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Conducting Survey Research with Adolescents with Anxiety Disorders

Title: Conducting Survey Research with Adolescents with Anxiety Disorders


Author: Emily E. Anderson (based on a case in Kimberly Hoagwood, Peter S. Jensen, and Celia B. Fisher, Ethical Issues in Mental Health Research with Children and Adolescents, Lawrence Erlbaum, 1996)


Description:

You are a researcher administering surveys to adolescents with anxiety disorders. The IRB asks you to change the information included on parental consent forms.


Headings: Special Populations and Cultural Competence; Minors; Study Design and Risk-Benefit Analysis; Survey and qualitative research; Privacy and Confidentiality; Certificate of Confidentiality; Mandatory reporting


Case Type: Decision Making


Conducting Survey Research with Adolescents with Anxiety Disorders

You are a researcher proposing a study to examine psychosocial correlates of an outpatient psychopharmacological treatment for adolescent anxiety disorders. Participants will be randomized to receive medication or placebo for a period of one month. They will be required to come into the clinic once a week for that month for medical monitoring and for interviews designed to measure a broad range of personal life experiences including cognitive processes, emotional stability, school and occupational activities, and home and social life. A short section of the survey asks about sexual activity and illegal drug use.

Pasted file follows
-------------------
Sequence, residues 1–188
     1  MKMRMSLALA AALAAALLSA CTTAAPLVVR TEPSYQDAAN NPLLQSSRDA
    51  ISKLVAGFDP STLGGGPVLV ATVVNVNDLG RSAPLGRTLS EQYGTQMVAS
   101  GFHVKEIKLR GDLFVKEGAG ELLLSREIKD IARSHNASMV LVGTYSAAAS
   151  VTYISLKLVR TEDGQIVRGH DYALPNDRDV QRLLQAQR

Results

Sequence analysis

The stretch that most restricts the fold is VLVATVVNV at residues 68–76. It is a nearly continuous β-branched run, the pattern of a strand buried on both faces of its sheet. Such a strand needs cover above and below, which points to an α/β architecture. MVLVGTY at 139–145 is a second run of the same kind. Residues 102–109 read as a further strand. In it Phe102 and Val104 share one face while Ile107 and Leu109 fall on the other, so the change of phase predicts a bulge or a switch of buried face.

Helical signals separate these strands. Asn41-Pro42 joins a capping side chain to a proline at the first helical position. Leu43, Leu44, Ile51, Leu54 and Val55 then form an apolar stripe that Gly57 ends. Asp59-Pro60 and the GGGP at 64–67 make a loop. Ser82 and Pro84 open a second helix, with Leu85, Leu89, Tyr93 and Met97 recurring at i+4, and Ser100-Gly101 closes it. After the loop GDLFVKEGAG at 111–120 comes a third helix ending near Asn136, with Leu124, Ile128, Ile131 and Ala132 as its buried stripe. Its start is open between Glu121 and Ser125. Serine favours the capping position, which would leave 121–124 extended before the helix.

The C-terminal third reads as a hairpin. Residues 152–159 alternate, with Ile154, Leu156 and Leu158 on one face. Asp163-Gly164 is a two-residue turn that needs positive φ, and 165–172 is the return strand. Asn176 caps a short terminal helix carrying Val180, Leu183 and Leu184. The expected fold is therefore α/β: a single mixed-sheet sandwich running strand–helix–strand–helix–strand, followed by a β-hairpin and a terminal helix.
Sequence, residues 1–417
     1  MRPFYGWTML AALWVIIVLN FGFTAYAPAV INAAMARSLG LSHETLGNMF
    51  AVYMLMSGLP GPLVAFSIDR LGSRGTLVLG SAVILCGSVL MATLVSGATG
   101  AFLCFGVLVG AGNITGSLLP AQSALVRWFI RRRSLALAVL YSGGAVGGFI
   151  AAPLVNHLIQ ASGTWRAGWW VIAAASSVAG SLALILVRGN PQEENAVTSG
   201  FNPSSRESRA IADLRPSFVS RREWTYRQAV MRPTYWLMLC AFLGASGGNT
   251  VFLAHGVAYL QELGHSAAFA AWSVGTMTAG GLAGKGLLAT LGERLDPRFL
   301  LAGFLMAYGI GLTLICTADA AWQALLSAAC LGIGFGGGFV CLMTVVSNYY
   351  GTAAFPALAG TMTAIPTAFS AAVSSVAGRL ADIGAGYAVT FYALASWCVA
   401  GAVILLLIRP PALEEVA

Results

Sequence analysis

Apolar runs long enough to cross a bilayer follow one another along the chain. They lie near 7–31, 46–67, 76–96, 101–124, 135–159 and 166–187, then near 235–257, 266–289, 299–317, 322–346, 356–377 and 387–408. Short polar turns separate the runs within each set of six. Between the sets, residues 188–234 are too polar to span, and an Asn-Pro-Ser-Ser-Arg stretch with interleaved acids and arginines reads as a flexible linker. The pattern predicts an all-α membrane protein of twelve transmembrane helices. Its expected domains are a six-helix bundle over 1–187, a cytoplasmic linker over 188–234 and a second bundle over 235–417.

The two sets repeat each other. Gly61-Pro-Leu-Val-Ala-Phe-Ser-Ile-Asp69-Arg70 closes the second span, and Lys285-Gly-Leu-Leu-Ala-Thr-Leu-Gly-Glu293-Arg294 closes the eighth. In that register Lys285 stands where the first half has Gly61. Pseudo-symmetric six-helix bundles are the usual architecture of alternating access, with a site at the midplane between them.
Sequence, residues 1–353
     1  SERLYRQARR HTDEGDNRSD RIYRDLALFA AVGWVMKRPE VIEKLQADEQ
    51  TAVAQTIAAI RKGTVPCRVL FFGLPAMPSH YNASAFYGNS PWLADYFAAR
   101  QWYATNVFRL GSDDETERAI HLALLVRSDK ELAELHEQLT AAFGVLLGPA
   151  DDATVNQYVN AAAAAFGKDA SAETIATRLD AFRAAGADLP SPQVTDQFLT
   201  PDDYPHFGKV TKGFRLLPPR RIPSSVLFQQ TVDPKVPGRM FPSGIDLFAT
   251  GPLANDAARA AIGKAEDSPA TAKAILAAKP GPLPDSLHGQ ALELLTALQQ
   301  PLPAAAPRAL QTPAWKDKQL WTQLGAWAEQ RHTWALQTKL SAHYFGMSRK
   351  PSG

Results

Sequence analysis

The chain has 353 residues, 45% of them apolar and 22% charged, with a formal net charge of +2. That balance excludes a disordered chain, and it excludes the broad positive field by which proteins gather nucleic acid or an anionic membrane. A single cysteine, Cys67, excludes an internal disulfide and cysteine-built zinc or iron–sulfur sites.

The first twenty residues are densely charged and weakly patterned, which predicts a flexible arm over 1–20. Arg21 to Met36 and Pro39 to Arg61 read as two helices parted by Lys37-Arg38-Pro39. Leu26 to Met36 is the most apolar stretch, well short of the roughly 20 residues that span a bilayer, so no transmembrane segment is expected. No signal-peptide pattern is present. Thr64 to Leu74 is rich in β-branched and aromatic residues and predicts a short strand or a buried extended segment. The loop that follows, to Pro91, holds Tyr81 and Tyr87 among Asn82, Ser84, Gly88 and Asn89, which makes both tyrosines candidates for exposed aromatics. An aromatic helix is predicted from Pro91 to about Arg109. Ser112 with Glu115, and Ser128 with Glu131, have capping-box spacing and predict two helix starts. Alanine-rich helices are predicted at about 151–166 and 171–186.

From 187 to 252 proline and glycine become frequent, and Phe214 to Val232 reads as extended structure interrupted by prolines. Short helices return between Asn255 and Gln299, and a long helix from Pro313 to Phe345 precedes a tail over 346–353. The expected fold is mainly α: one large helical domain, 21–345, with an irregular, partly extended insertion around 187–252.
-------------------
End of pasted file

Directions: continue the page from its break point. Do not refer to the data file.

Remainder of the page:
The original version of the parental permission form you submitted to your university’s institutional review board (IRB) described the questionnaire in general terms, stating, “Your child will be asked about his or her feelings and about relationships with family and friends.” Your proposal was returned with contingent approval. The IRB would like to you modify the consent form to include the following statements: “The interviews will ask your child sensitive questions about sexual activity, illegal drug use, and child abuse. There is a possibility that participating in the interview may make your child uncomfortable or upset.”

As these sensitive questions are only a small part of the research, you feel that highlighting them in such a drastic way misrepresents the purpose of the research study.


Questions

  • How do you respond to the IRB’s comments?

See Hoagwood et al. (1996) for a discussion of how this case was addressed by the researchers.